Related the former Minnesota Vikings Chris Kluwe matter noted most recently here, Hudson Taylor opines via CNN.com that heterosexual athletes who are questioned about their sexuality don't do enough if they merely say "I'm not gay."
While [Green Bay Packers QB Aaron] Rodgers effectively put an end to the discussion of personal life and vowed to "keep on trucking," what was left unsaid was any support for the LGBT community or contemplation of the broader questions such rumor-mongering raises about our sports culture and the specter of acceptance.
Why is it up to Rodgers to do that? Hudson notes in his article that Rodgers is "intensely private;" why does he have to do more than just answer the question of whether he's gay or not, let alone answer it at all? Y'see, this is where advocates for the LGBT community tend to ... lose many in the straight community who are otherwise if not completely sympathetic to their situation, at least understanding. It's not enough to just accept gay team/classmates; you have to be proactive about the lifestyle ... and even promote it. Rodgers, according to Hudson, should have added something like, "Yeah, I'm not gay but what would have been the big deal if I was?" Even though the Packers QB is, again, "intensely private."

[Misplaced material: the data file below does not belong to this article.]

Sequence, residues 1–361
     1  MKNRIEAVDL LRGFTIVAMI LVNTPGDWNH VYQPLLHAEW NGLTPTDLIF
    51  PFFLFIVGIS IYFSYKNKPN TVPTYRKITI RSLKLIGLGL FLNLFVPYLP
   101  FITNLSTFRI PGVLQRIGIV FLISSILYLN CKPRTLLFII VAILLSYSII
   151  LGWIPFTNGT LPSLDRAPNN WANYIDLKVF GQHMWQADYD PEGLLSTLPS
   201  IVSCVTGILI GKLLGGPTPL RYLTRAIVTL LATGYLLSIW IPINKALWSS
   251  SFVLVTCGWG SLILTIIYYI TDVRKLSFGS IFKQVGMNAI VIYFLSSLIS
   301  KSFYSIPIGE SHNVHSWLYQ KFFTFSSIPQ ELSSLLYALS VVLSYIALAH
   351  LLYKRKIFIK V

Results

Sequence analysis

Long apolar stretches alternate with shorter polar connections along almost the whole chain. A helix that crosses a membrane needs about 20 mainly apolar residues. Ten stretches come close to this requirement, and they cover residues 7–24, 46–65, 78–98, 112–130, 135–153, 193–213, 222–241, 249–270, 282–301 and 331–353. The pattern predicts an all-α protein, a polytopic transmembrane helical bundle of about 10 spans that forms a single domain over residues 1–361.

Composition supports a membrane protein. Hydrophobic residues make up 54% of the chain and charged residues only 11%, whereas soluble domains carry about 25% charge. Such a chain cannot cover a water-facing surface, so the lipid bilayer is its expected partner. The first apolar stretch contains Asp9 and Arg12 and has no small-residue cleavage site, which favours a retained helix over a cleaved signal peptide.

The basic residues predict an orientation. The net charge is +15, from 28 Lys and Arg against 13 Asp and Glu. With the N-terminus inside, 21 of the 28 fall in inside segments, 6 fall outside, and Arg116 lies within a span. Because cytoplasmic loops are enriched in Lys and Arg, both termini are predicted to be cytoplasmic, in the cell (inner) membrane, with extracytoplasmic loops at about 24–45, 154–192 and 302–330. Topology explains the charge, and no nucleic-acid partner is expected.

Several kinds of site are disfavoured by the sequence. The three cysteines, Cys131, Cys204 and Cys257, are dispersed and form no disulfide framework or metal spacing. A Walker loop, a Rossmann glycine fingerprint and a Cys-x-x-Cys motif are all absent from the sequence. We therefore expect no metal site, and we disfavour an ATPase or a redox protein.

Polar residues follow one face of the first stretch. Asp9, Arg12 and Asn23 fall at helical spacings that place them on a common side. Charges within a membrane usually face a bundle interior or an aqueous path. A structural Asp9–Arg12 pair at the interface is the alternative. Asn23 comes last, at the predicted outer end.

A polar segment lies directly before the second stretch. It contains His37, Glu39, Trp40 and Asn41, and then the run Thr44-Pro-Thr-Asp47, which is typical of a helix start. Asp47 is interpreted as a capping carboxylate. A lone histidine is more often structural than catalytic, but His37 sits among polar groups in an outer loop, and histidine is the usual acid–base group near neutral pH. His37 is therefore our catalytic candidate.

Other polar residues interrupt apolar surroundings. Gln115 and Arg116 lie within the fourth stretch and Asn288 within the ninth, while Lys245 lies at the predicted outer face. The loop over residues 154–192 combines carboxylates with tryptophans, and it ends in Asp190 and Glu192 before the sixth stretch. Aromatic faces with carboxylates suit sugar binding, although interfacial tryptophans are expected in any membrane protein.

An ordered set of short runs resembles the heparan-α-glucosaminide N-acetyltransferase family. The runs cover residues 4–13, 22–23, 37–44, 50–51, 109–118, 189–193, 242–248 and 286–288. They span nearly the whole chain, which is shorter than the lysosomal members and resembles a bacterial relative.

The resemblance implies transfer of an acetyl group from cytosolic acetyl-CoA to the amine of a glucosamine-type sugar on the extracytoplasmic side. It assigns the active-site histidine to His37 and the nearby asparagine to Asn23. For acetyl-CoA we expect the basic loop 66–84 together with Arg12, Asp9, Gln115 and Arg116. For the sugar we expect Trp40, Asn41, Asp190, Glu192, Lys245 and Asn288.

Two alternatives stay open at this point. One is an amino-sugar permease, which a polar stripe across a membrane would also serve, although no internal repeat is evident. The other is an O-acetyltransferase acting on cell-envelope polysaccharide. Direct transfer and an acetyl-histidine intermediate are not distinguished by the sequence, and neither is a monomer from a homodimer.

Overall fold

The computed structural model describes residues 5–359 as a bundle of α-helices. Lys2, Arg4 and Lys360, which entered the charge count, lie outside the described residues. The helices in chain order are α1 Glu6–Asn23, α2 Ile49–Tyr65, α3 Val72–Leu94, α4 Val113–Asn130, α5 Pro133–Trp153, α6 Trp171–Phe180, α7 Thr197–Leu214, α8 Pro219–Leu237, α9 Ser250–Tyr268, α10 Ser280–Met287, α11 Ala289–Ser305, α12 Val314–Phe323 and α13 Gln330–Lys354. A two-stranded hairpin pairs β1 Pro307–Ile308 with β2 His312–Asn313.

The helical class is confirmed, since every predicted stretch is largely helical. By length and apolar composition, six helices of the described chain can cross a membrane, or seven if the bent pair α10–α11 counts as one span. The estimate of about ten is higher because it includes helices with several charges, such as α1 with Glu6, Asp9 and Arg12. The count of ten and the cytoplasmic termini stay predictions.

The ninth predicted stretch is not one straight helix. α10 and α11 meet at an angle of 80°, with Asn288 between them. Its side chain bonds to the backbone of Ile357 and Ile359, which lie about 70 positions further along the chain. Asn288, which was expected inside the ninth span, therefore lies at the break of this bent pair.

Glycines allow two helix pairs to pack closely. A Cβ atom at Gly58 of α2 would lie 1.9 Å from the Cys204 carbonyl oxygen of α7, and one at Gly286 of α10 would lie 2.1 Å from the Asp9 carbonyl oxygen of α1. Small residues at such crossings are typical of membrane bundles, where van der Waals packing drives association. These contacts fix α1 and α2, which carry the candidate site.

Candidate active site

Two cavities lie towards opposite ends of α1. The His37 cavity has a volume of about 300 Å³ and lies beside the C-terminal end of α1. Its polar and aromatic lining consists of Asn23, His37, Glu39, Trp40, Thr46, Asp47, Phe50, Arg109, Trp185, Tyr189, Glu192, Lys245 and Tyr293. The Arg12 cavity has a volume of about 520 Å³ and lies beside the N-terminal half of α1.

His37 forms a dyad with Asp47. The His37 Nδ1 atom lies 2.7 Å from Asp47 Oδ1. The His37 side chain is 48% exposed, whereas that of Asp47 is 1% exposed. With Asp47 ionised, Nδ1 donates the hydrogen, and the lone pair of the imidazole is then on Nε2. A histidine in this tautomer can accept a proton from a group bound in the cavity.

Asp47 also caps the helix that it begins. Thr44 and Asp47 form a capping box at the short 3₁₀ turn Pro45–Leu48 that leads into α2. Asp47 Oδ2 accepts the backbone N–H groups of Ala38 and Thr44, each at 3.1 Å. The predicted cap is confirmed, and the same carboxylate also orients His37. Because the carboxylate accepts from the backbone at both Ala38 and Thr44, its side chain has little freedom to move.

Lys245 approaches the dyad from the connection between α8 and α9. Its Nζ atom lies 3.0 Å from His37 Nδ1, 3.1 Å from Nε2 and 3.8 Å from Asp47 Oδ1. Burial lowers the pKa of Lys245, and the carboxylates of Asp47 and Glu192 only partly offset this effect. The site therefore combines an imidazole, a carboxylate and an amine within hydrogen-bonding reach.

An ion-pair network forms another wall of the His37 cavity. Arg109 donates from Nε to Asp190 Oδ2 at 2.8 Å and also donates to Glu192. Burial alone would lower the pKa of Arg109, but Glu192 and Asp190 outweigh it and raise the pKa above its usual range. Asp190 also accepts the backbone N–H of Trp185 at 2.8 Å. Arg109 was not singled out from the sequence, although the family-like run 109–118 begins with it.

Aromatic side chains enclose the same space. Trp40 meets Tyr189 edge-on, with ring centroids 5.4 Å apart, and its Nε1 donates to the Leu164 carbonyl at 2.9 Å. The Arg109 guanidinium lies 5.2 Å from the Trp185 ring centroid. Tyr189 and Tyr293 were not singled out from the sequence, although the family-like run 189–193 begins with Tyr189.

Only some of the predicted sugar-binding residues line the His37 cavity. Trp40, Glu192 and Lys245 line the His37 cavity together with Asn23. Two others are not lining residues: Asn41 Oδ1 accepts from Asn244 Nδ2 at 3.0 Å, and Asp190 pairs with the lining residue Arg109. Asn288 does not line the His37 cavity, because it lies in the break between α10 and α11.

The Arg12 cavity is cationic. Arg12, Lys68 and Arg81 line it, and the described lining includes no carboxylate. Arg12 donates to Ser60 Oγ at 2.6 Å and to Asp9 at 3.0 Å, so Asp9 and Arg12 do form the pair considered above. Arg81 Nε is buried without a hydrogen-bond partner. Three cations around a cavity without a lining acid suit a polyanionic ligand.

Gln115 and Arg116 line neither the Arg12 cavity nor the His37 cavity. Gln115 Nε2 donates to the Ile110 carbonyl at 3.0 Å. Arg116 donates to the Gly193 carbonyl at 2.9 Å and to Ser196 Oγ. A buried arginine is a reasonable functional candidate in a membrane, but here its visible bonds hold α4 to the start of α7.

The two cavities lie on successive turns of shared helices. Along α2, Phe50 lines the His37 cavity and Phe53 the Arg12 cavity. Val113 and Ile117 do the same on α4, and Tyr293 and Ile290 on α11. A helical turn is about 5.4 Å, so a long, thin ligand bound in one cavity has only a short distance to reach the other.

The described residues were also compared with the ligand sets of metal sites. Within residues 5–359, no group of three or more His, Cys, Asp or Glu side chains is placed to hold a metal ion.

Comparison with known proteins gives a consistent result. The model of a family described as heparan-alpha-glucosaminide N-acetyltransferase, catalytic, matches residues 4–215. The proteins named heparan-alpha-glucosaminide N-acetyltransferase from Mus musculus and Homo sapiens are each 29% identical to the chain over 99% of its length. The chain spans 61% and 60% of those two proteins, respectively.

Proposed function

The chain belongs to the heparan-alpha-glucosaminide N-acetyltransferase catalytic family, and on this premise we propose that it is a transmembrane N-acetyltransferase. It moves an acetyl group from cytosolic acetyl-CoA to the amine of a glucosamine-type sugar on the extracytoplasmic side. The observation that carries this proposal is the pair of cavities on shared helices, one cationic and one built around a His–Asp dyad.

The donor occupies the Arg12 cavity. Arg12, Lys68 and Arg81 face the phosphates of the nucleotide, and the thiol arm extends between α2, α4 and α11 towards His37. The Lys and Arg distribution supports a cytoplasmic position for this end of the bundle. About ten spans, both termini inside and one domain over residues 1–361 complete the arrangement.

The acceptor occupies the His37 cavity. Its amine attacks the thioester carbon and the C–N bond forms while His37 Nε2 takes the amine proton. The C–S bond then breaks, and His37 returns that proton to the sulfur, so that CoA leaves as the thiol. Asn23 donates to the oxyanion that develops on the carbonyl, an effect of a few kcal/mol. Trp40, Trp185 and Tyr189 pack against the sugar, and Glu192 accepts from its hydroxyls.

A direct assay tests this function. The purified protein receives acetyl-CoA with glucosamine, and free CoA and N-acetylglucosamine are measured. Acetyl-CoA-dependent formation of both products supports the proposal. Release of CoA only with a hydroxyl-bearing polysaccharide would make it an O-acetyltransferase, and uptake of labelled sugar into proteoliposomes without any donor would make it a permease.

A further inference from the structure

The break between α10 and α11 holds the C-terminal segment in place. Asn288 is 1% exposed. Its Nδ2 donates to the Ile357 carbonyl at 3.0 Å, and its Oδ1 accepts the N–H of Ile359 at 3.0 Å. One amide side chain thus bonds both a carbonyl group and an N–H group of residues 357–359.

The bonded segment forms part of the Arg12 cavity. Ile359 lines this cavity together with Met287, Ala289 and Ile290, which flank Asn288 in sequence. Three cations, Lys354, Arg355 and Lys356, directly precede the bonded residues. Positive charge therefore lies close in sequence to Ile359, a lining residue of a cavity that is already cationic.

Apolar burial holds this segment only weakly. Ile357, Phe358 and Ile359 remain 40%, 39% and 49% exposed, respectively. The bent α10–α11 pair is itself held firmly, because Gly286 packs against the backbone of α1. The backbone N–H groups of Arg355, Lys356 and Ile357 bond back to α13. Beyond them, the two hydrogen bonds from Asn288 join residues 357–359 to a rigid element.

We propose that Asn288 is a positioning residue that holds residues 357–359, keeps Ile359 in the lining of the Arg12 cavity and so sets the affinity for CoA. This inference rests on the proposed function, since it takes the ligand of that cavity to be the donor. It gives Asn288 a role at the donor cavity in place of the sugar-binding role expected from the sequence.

A lot of the remainder of what Hudson says is certainly admirable: He's a [straight] college wrestling coach who has taken an active role in battling homophobia in sports. He speaks highly of the aforementioned Kluwe, but seems to take his side of the current squabble with his former team, despite the fact that the accused have vigorously denied Kluwe's allegations, and that there's little dispute that Kluwe's "outspokenness" on LGBT issues became a distraction to the Vikings when he was still on their roster.Posted by Hube at January 5, 2014 06:42 PM | TrackBack